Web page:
(Italics added by IG, bold added by AYR)

If nothing is more important than creating jobs, then maybe they should check to ensure that jobs are actually being created. (Mayorkas told the IG he did not remember making the statement about people with influence or money, and said it sounded “absurd.”)

The DHS response

Astonishingly, DHS Secretary Jeh C. Johnson issued a statement calling Mayorkas "an exceptionally conscientious, honest and patriotic public official" who "can at times be very hands-on in resolving issues" but "works hard to do the right thing."

Johnson acknowledged that involvement in "individual matters that happen to reach our desk [can] risk the appearance of preferential treatment,"  so he is now confident that Mayorkas "understands this." OK.

Indeed, Inspector General John Roth told Congress that, while Mayorkas violated his own code of behavior, as stated in a memo he'd prepared, there was no criminal activity, according to the Times.

The continued pressure

Johnson, in his statement, also noted that DHS officials "are constantly contacted by outsiders – including Members of Congress of both parties –on behalf of those with an interest in the outcome of a particular EB-5 case," which shows how those Congressional reps are influenced by the money back home.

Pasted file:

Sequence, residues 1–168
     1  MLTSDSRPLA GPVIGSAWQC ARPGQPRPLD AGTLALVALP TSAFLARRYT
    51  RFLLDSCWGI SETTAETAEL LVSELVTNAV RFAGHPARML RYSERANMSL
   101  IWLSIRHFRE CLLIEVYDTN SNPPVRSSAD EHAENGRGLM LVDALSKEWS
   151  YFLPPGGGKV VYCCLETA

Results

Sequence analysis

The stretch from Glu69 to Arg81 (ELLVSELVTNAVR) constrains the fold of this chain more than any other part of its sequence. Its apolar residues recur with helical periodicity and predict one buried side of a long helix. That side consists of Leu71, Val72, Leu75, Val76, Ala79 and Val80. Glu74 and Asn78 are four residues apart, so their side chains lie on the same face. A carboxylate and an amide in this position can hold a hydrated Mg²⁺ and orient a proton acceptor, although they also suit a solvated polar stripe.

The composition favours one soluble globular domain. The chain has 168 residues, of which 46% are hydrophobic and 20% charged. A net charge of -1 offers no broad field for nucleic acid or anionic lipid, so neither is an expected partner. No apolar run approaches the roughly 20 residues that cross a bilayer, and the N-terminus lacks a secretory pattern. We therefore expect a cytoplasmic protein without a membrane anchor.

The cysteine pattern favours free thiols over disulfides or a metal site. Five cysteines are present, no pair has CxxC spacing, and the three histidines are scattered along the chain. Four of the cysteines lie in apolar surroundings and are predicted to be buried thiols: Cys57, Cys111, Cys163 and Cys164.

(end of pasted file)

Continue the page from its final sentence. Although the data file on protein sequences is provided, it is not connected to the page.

Johnson said he was developing "a new protocol to ensure that the EB-5 program is free from the reality or perception of improper outside influence," and requests changes from Congress:
In the past, this Department has sought unsuccessfully from Congress a number of statutory enhancements to the program’s integrity, including added legal discretion to deny or revoke cases when necessary, authority to exclude people with criminal backgrounds from participating in EB-5 regional centers, and authority to require regional centers to certify compliance with our securities laws. The EB-5 regional center program is up for statutory renewal again this year. I urge Congress to work with the Department to strengthen the security and integrity of the program.
The latest scandal

The scandals just keep coming. On 4/13/15, ABC reported FBI Investigating Former White House Military Aide: